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ACTU boss Sally McManus slams ‘boomer fantasy’ that wage increases will hike inflation

Union boss SLAMS Reserve Bank on her ‘boomer fantasy’ that wage increases for average Aussies will push up food prices – as she demands massive hikes

  • Reserve Bank governor Philip Lowe warned of a 1970s wage-price spiral
  • He fears that if workers continue to receive high wage increases, inflation will increase
  • ACTU boss Sally McManus has dismissed the idea as a ‘boomer fantasy’
  • She says teachers and nurses who threaten strikes deserve everything they want

Australian Council of Trade Unions boss Sally McManus has dismissed the idea that large wage increases for workers are fueling inflation as a ‘boomer fantasy’.

Last week, the Fair Work Commission raised the minimum wage by 5.2 percent and gave a 4.6 percent raise to some 2.7 million contractors.

That prompted Reserve Bank governor Philip Lowe to warn that if high wage increases continue, prices would rise further after inflation hit 5.1 percent in the March quarter.

The fear is that if more workers have more money, there will be more demand for goods and services, causing prices to rise.

Teachers march to Parliament House during a strike by NSW teachers and public school principals in Sydney in December

Teachers march to Parliament House during a strike by NSW teachers and public school principals in Sydney in December

The workers will then demand more money, leading to a never-ending spiral of inflation.

“In the 1970s, we ran into trouble as wage growth reacted mechanically to higher inflation,” Dr. Lowe told the US Chamber of Commerce in Australia.

“We had higher inflation, wages reacted and then it gets sustained, and then you have to have higher interest rates and a downturn to get inflation down.”

But Ms. McManus rejected this argument, saying that the union members demanding large wage increases make up only a small fraction of the workforce.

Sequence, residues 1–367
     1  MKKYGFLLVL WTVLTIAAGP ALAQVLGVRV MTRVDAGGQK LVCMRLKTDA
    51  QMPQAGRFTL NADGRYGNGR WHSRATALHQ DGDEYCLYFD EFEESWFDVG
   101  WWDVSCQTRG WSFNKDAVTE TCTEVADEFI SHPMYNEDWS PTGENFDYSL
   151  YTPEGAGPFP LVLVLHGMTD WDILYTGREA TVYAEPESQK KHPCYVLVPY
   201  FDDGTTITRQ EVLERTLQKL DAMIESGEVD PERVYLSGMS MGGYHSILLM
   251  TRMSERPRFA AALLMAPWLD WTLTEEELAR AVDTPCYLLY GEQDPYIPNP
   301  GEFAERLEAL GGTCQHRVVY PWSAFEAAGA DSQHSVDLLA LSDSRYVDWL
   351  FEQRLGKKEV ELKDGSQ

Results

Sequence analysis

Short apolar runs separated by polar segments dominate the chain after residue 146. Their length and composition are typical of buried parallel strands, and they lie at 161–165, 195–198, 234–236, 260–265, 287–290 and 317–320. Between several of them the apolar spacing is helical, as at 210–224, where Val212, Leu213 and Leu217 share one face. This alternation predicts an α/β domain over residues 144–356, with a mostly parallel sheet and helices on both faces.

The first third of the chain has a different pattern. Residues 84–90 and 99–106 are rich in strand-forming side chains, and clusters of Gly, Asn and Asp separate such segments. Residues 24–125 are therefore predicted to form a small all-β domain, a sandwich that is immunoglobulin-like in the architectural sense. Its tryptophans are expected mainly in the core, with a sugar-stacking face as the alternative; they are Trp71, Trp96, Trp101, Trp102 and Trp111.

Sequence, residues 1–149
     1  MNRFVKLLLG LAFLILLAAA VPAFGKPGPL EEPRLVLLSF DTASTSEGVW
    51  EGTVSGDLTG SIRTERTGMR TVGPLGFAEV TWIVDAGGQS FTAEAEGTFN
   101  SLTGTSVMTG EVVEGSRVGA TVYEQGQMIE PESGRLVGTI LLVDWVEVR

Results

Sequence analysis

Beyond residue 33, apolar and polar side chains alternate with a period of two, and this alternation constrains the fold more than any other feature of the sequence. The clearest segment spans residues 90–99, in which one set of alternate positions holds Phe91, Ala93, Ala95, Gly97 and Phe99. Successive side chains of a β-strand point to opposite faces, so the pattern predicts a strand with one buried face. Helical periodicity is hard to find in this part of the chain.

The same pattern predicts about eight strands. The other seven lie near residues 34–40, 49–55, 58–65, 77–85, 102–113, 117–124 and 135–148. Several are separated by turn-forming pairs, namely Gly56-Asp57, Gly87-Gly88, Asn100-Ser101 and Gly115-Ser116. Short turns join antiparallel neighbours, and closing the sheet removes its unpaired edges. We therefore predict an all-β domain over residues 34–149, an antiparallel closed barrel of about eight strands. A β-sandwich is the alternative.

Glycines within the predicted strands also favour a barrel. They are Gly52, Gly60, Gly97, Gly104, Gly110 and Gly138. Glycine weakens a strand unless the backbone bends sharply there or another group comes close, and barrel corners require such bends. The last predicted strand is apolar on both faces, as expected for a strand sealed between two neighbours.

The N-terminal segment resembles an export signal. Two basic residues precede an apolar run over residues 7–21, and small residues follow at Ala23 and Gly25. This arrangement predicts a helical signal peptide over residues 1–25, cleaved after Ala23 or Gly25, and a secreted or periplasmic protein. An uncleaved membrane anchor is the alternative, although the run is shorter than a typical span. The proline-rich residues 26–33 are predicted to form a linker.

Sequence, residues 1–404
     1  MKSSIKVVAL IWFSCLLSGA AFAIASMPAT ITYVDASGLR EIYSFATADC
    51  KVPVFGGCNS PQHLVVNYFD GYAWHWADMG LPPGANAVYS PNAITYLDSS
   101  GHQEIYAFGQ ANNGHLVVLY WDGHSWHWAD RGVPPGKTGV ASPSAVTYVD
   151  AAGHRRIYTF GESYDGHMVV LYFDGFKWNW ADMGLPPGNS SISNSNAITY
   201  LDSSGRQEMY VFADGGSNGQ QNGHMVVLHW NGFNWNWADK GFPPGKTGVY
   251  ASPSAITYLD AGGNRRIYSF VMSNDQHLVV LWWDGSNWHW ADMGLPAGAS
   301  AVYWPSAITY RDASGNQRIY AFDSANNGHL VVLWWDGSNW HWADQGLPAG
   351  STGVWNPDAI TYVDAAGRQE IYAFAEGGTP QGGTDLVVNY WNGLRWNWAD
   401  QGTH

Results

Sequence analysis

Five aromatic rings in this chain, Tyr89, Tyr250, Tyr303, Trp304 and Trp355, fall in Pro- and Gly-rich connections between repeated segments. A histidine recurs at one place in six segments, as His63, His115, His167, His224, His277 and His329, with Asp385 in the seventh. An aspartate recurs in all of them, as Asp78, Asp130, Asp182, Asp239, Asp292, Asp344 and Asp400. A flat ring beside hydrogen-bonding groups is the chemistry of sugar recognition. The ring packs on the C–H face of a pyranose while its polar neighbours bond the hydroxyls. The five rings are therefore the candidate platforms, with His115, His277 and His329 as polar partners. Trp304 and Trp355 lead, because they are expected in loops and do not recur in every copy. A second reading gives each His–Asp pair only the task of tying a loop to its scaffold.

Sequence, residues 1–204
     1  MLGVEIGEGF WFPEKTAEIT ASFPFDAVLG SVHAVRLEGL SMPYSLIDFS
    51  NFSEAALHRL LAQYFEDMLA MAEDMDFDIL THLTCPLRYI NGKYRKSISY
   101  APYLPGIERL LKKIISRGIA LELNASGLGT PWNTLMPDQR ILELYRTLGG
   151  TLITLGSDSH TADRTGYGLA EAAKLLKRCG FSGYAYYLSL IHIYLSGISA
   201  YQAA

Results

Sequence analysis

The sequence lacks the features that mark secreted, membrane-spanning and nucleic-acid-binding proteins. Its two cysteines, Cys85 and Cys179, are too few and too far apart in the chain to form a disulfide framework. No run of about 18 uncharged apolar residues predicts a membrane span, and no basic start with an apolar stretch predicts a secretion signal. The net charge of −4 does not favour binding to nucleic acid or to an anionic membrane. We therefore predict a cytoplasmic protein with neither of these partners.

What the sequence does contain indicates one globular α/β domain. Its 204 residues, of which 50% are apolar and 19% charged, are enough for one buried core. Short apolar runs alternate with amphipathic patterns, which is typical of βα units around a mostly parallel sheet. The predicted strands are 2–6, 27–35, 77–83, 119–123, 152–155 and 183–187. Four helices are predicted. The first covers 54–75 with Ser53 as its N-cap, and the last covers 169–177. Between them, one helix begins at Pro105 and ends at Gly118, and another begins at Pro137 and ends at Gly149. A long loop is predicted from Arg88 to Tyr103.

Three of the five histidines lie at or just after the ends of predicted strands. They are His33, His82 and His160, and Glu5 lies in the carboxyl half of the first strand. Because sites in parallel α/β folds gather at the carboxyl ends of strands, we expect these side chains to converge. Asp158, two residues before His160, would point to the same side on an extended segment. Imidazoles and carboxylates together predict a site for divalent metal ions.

Sally McManus (pictured) has dismissed the idea that big wage increases for workers will fuel further inflation as a 'boomer fantasy'

Sally McManus (pictured) has dismissed the idea that big wage increases for workers will fuel further inflation as a ‘boomer fantasy’

“The price spiral of the 1970s is a real boomer fantasy,” she told ABC radio.

“It’s used by a lot of employers to say no, you can’t get raises or demand raises for workers.”

The left-wing ACTU chief, Ms. McManus, said unions are not powerful enough to push through major wage increases across the economy and stressed that the only way to stop teachers and nurses from going on strike is to give them more money.

Last government figures August 2020 found that only 14 percent of workers were union members.

“If union members achieve those results, it doesn’t mean everyone else who isn’t unionized will get those pay increases,” Ms McManus said.

“They won’t, they’ll have to fend for themselves. That’s how the system works.

dr. Lowe said pay increases of 3.5 percent were more sustainable.

But Ms. McManus said, ‘We’re not going to get 3.5 percent, let alone five percent, let alone seven percent.

“And so to somehow think that the system will bring in an overall pay rise of five or seven percent is boomer fantasy land.”

Ms McManus said the only way to end the strikes, which have been threatened in NSW, is for employers to give workers more money.

Shopping has become more expensive due to rising inflation.  Pictured: A Coles

Shopping has become more expensive due to rising inflation. Pictured: A Coles

“I think it depends on employers whether there will be more strikes,” she said, referring to public sector workers in Australia’s most populous state.

“In this case, the reason for the strike is because, you know, the New South Wales government is offering three percent, which is less than what Philip Lowe was talking about.

“So let’s get some realism here. Those workers definitely deserve a raise, as do the nurses and all the workers who are currently fighting for it.

“They make every cent and probably more.”

Workplace Secretary Tony Burke said on Wednesday that Labor does not believe that wage increases should be automatically linked to inflation.

“We never said or suggested that there would be an ongoing alignment with wherever inflation was,” he said.

On Tuesday, Reserve Bank governor Philip Lowe (center) warned that if high wage increases continue, prices would rise further after inflation hit 5.1 percent in the March quarter.

On Tuesday, Reserve Bank governor Philip Lowe (center) warned that if high wage increases continue, prices would rise further after inflation hit 5.1 percent in the March quarter.

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